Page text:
There were probably decisions he should be making right at this moment, orders he should be receiving from... somewhere. At least some sort of rough guideline as to whether attack, evacuation or food supplies should be prioritised. He had always considered himself a man of initiative, annoyingly restrained by the requirements of modern bureaucracy.
Yet just now, the idea of making a report seemed oddly attractive, because that would mean there was someone to report to . It was really unfair that he should have to deal with legendary monarchs on top of everything else.
A female voice, vaguely familiar, spoke. “Group Captain James Gould, wasn’t it? We met last year, I think, at the University Air Squadron event at Falklands House?”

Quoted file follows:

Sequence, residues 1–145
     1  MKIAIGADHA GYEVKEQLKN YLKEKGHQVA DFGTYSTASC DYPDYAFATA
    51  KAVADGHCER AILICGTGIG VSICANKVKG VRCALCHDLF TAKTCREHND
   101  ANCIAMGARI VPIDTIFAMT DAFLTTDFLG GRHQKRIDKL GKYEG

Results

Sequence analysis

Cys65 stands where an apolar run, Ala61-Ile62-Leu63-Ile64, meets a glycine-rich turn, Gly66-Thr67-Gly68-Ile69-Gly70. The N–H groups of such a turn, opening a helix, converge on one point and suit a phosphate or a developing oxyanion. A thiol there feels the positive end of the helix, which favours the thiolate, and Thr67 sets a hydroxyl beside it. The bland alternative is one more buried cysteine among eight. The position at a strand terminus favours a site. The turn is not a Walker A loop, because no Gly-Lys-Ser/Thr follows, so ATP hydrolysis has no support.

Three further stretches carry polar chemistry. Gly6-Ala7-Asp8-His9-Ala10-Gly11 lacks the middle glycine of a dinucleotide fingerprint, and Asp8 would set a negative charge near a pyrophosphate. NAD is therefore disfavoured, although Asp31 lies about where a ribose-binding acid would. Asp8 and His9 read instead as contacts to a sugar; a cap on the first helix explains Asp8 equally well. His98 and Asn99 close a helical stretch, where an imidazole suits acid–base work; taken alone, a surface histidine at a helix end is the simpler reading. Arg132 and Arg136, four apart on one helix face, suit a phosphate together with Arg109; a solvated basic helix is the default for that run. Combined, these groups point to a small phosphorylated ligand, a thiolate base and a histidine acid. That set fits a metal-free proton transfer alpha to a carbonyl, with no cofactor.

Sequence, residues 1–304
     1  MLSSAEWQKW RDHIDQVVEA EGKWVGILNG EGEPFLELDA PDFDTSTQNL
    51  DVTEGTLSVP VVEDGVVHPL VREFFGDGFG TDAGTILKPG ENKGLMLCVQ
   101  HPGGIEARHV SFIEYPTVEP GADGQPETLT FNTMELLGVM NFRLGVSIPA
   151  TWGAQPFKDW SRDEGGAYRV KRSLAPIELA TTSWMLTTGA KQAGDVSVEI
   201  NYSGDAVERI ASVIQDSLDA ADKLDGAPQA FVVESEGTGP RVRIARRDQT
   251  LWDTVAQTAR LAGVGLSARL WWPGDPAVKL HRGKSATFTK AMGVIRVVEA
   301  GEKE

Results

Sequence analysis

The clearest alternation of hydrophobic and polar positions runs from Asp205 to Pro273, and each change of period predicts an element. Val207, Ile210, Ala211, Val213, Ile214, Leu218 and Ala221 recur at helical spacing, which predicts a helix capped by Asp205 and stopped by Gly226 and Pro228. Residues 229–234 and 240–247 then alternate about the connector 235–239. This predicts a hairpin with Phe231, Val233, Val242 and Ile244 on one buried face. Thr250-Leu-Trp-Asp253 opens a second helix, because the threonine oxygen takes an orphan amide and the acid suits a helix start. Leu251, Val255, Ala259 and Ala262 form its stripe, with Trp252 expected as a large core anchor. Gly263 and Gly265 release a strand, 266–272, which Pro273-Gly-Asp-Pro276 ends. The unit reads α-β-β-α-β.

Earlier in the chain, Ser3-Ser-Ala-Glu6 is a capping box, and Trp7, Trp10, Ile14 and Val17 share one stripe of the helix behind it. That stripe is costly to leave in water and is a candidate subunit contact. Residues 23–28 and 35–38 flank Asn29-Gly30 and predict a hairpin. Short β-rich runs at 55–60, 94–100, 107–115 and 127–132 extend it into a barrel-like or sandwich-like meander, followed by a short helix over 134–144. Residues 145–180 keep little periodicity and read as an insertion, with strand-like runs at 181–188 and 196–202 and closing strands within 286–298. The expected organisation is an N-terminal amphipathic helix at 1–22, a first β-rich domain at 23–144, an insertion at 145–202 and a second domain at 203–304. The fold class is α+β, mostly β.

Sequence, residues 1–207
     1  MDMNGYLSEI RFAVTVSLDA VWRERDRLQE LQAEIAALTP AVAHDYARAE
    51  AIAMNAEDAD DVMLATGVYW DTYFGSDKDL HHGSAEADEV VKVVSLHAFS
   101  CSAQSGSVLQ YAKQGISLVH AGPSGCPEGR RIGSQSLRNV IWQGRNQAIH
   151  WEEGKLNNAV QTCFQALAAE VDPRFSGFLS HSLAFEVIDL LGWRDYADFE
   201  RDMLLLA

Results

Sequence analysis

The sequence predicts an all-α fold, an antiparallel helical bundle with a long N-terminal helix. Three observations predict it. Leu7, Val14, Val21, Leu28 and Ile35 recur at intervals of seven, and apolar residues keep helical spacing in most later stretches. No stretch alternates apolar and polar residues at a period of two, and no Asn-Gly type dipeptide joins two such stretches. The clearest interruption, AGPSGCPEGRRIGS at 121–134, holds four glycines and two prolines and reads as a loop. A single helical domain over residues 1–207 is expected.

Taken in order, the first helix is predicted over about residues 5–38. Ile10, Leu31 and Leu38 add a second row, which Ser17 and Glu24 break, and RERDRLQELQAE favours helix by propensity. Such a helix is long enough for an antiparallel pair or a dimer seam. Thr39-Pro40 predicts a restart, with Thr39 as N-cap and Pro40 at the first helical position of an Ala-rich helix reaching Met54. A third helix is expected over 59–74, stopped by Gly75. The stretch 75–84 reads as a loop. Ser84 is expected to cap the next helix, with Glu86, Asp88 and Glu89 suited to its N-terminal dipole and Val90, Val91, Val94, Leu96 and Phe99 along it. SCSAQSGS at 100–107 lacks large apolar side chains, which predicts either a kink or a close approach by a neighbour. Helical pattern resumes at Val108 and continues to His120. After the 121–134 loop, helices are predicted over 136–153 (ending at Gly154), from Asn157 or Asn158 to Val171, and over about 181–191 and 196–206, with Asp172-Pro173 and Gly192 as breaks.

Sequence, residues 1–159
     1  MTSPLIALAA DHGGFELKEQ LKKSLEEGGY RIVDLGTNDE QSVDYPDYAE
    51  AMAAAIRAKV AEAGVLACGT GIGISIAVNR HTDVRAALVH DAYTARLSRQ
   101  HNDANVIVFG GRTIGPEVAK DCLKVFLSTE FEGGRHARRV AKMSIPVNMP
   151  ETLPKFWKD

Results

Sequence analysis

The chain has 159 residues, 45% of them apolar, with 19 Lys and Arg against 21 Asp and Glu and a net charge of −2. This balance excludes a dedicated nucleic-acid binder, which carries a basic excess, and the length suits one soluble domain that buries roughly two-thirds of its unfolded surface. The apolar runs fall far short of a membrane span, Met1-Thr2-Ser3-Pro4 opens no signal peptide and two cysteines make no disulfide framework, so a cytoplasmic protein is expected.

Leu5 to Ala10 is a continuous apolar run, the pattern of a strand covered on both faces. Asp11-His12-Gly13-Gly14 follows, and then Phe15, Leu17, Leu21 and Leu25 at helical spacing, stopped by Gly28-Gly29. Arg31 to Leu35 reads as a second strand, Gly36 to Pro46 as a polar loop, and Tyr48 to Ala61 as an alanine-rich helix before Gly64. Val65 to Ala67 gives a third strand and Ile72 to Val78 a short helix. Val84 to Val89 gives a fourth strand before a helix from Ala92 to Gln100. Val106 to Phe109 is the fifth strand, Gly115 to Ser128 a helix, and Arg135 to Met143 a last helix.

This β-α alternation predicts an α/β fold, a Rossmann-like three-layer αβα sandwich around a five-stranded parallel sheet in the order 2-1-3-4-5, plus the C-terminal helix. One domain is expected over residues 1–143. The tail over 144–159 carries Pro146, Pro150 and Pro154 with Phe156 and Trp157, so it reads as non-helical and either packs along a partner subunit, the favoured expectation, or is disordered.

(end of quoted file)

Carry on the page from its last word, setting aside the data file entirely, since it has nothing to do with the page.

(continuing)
Gould blinked again. Oh yes, she was some university woman. Presumably this was her home turf, but he was damned if he was going to be embarrassed about having forgotten her name.
“Hilda Chapman,” she reminded him with a sharp and somewhat artificial smile. “Now, if I may suggest, we have all had something of a tiring day, and even Arthur Pendragon must be allowed a hot drink from time to time. I see that despite all adversity, the Lamb and Flag is open.”
There were people in the Lamb and Flag pub, though they were mostly moving slowly, or staring into their pints, glassy-eyed and shocked. Gould’s adjutant hurried in ahead of him, and began shooing them out of the back room.
Merlin leant his arms heavily on the bar and fixed the barman with a determined stare. “Tea.” he demanded. “Hot tea with sugar, please. Lots of it. Oh, and some coffee.”